Krasnaya Polyana, Russia The last time Jarryd Hughes was in Russia on this snowboard cross course, the memories weren’t good.
At last year’s test event in Krasnaya Polyana, Russia, Hughes blew out his knee.
2014 Winter Olympics
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But nearly a year later, the Australian snowboarder and former Steamboat Springs Winter Sports Club member is among a handful of competitors in the medal hunt.
“Being at the Olympics is nerve wracking,” Hughes said. “But I got a lot of help from (Australian BMX silver medalist) Sam Willoughby. I got advice about being at the Olympics. He said, ‘Go in early, get used to it all.' He told me to enjoy my time and not to get taken away by everything.”
In the women’s event Sunday, the course proved to be a beast. It threw off many of the top women’s riders, showing itself to be more of a big course like the X Games rather than those riders see on the World Cup.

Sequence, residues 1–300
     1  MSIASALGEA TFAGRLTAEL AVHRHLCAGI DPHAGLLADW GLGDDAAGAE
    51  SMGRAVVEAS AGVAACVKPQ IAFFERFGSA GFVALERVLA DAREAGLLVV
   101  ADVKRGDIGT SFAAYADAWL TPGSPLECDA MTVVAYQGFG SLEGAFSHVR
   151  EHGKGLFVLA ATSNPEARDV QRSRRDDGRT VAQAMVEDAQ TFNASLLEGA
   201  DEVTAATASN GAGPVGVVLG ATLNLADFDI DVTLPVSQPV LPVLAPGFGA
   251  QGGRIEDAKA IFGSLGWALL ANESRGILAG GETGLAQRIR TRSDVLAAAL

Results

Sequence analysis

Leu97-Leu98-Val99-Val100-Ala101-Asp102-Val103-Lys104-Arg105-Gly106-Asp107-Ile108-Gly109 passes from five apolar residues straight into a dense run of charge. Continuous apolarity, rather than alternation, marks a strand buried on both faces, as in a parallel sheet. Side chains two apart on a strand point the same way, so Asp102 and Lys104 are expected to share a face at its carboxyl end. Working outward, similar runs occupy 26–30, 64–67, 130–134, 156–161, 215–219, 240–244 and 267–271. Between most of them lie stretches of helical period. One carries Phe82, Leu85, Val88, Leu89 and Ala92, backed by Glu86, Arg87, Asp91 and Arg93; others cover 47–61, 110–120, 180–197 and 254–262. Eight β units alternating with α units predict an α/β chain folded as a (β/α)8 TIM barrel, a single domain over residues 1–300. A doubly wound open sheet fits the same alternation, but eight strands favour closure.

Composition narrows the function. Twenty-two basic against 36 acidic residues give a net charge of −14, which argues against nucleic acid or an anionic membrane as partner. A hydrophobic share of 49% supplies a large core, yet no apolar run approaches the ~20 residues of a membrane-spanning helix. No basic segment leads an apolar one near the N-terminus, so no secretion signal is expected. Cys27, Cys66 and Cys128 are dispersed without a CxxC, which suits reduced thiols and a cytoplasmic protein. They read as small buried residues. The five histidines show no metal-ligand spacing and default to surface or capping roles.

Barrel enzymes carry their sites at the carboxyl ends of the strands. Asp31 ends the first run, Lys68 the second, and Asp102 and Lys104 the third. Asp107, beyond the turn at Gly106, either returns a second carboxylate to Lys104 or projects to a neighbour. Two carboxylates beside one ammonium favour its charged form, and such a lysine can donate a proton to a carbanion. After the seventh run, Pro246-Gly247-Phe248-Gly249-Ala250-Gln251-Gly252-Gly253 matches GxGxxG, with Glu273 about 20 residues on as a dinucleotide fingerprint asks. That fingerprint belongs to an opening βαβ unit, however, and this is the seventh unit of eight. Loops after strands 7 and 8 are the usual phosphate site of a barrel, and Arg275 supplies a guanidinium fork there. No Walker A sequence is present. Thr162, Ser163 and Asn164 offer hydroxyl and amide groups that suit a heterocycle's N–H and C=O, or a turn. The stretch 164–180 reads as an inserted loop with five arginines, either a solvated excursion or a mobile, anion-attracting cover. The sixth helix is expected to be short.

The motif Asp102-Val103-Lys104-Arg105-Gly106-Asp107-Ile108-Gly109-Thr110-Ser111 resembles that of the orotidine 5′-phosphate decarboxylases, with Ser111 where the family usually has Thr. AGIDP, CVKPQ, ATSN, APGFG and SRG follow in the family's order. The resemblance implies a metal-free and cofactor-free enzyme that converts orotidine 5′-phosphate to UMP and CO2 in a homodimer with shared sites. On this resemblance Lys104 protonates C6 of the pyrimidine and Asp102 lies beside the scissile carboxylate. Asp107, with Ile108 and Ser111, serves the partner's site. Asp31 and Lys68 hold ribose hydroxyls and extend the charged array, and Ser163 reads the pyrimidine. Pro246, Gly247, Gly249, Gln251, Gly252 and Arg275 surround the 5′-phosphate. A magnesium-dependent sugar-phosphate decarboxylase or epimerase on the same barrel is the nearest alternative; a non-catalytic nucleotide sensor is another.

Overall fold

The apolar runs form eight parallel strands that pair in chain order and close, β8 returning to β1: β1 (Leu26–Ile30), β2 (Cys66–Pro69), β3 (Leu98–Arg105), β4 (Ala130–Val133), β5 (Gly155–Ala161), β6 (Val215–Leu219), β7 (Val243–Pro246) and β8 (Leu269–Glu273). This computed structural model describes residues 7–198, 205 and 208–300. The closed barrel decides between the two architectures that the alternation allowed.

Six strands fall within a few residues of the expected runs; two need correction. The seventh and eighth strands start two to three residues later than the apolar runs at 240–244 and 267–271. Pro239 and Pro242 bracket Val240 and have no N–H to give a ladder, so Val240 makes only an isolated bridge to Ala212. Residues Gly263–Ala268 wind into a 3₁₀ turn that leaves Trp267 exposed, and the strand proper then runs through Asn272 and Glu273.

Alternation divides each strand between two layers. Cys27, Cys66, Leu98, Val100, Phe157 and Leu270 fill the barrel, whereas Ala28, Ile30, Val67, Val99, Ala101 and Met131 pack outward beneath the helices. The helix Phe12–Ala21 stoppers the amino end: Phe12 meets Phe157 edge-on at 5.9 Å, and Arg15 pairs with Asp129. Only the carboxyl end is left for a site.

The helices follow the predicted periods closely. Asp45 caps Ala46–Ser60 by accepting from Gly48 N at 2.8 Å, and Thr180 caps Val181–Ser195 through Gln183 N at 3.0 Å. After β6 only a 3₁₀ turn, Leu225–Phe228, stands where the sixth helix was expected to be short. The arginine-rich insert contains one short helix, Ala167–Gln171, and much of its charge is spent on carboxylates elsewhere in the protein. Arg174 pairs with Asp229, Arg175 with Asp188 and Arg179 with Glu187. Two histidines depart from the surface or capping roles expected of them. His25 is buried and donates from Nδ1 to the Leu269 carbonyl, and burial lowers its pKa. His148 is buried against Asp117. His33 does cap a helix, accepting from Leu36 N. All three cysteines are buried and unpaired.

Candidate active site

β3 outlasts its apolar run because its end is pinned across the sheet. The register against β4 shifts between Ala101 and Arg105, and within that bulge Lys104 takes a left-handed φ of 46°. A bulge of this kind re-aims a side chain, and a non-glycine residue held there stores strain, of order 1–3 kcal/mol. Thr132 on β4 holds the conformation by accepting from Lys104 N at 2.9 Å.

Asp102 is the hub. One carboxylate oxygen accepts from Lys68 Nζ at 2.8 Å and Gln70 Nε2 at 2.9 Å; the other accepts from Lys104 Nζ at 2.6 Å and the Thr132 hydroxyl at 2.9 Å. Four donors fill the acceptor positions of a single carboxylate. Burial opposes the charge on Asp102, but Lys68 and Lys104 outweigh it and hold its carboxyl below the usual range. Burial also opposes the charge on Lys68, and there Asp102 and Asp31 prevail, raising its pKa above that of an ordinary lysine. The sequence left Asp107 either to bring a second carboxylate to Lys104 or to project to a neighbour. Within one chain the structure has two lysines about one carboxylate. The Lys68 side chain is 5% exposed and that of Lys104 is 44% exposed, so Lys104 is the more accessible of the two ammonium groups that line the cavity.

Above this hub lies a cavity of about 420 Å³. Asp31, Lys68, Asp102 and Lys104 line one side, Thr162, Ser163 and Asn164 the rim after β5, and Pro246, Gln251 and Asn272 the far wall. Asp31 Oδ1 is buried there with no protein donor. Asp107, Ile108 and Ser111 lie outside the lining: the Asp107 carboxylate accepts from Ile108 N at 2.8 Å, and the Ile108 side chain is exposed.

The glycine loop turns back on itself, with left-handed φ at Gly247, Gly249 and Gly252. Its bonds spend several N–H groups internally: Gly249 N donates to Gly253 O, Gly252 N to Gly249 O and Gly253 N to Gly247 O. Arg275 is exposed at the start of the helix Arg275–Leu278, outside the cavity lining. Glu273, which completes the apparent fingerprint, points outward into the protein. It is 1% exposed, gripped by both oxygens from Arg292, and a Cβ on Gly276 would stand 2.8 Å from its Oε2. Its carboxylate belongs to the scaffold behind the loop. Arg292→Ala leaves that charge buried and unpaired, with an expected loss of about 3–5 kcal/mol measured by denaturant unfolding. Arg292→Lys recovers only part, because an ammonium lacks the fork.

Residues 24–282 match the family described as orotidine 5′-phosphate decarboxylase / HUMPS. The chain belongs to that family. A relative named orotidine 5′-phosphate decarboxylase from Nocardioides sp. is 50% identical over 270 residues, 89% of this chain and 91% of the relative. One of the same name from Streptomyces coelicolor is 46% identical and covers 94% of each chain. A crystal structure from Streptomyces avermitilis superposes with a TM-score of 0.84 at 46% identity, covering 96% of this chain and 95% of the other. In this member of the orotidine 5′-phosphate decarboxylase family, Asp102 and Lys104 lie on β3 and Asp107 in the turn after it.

And it’s also snowboard cross, in which snowboarders barrel down a course at 30 mph maneuvering corners and features.
That said, it’s hard to pick a favorite for Monday's men’s event. There are probably a dozen or so riders who could medal, including Americans Nick Baumgartner, Alex Deibold, Nate Holland and Trevor Jacob.
Hughes also should be considered a favorite. He won a World Cup earlier this year and at one point was leading the snowboard cross circuit.
“He wants to be the best in the world,” said former Winter Sports Club coach Jon Casson, who is in Sochi helping coach the Australian team. “He’s so young, he’s almost ignorant of the pressure and magnitude of the event.”
Hughes said the knee is feeling fine, and he is looking forward to the event.
“I’m anxious for revenge on this course,” Hughes said. “I would like to medal. I’d love to. But at the same time it’s boarder cross, and anything and everything can happen.”
To reach Luke Graham, call 970-871-4229, email lgraham@SteamboatToday.com or follow him on Twitter @LukeGraham